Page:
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Understanding Melanoma: From Causes to Treatment

Melanoma, a term that brings a sense of urgency and concern, is a serious form of skin cancer that originates in the cells known as melanocytes, responsible for giving your skin its color. While melanoma is less common than other types of skin cancer, its potential for aggressiveness and spread to other parts of the body makes it more dangerous.


Causes of Melanoma

The primary cause of melanoma is exposure to ultraviolet (UV) radiation, whether from direct sunlight or artificial sources like tanning beds. When UV rays penetrate the skin, they can damage the DNA in melanocytes. While the body can repair some of this damage, at times, the DNA mutations persist, leading to uncontrolled cell growth and the formation of malignant tumors. Factors that may increase the risk of developing melanoma include:

  • A history of sunburns, especially blistering ones in childhood
  • High sun exposure, particularly without protective clothing or sunscreen
  • The presence of many moles or unusual moles
  • A family history of melanoma
  • Fair skin, light hair, and light-colored eyes
  • A weakened immune system


Melanoma can develop anywhere on the body, not only in areas exposed to the sun. It's commonly found on the back in men and on the legs in women. The first signs of melanoma are changes in an existing mole or the appearance of a new, unusual growth on the skin. The ABCDE rule can help you remember what to look for: Asymmetry: One half of the mole doesn't match the other. Border: Irregular, ragged, or blurred edges. Color: Varied shades of brown, black, sometimes with patches of pink, red, white, or blue. Diameter: A significant change in size, typically greater than 6mm. Evolving: Any change in size, shape, color, or symptom (such as bleeding, itching, or crusting).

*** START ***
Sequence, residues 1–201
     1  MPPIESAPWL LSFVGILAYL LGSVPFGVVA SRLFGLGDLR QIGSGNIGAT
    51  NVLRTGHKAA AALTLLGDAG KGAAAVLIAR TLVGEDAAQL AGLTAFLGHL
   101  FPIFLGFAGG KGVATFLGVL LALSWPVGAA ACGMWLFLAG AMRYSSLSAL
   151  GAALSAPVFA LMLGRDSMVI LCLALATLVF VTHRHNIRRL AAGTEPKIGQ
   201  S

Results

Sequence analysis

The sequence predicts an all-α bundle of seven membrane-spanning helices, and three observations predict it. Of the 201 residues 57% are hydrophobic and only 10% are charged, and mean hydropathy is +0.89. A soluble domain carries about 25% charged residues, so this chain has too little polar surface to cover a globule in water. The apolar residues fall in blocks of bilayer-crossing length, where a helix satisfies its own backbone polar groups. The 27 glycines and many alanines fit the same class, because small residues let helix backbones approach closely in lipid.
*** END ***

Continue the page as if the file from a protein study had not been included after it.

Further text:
Stages of Melanoma

Melanoma is categorized into stages based on thickness, ulceration, and the spread to lymph nodes or other body parts: Stage 0: Melanoma is only in the outermost layer of skin. Stage I-II: Melanoma is invasive but confined to the skin, with varying thickness and possible ulceration. Stage III: Melanoma has spread to one or more nearby lymph nodes. Stage IV: Melanoma has spread to distant parts of the body, such as the lungs, liver, brain, bone, or distant lymph nodes.

Diagnosis and Treatment

Early detection of melanoma significantly increases the chances of successful treatment. If melanoma is suspected, a biopsy will be performed to examine the tissue for cancer cells. Treatment options depend on the stage of melanoma and may include: Surgery: The primary treatment for early-stage melanomas, where the tumor and a margin of normal skin are removed. Immunotherapy: Uses medicines to boost the body's natural defenses against cancer. Targeted therapy: Focuses on specific weaknesses present within cancer cells. Chemotherapy: Involves drugs to kill cancer cells, more commonly used for melanoma that has spread. Radiation therapy: May be used to destroy melanoma cells, typically in advanced stages or to treat symptoms in specific areas.

Preventive Measures and Early Detection

Preventing melanoma starts with protecting your skin from excessive UV exposure. Here are some effective strategies:

  • Use broad-spectrum sunscreen with an SPF of 30 or higher.
  • Wear protective clothing, sunglasses, and a wide-brimmed hat.
  • Avoid sunbathing and indoor tanning.
  • Seek shade, especially between 10 a.m. and 4 p.m., when the sun's rays are strongest.

Regular skin exams by a healthcare professional, along with monthly self-exams, can help detect melanoma early when it is most treatable.


Melanoma, while potentially severe, is highly treatable when caught early. Understanding the risk factors, recognizing the symptoms, and taking preventive measures can significantly reduce your risk. If you notice any changes to your skin or moles, consult with a healthcare professional promptly. For comprehensive melanoma treatment in India, American Oncology Institute is recognized as the top multi-disciplinary oncology hospital known for its expertise and advanced care.